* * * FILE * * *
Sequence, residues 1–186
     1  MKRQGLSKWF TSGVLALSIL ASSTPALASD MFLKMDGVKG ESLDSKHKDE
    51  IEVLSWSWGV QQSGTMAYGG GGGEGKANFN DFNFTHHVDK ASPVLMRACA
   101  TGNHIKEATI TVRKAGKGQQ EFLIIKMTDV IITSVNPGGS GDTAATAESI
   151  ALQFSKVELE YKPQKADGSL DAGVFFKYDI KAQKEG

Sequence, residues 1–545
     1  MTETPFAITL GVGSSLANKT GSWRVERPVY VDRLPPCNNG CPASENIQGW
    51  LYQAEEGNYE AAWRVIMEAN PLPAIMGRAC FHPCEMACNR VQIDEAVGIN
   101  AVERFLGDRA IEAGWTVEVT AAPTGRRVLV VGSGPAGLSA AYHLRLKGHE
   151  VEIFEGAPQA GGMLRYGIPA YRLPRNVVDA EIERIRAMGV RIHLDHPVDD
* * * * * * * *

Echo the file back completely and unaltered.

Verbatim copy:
Sequence, residues 1–186
     1  MKRQGLSKWF TSGVLALSIL ASSTPALASD MFLKMDGVKG ESLDSKHKDE
    51  IEVLSWSWGV QQSGTMAYGG GGGEGKANFN DFNFTHHVDK ASPVLMRACA
   101  TGNHIKEATI TVRKAGKGQQ EFLIIKMTDV IITSVNPGGS GDTAATAESI
   151  ALQFSKVELE YKPQKADGSL DAGVFFKYDI KAQKEG

Sequence, residues 1–545
     1  MTETPFAITL GVGSSLANKT GSWRVERPVY VDRLPPCNNG CPASENIQGW
    51  LYQAEEGNYE AAWRVIMEAN PLPAIMGRAC FHPCEMACNR VQIDEAVGIN
   101  AVERFLGDRA IEAGWTVEVT AAPTGRRVLV VGSGPAGLSA AYHLRLKGHE
   151  VEIFEGAPQA GGMLRYGIPA YRLPRNVVDA EIERIRAMGV RIHLDHPVDD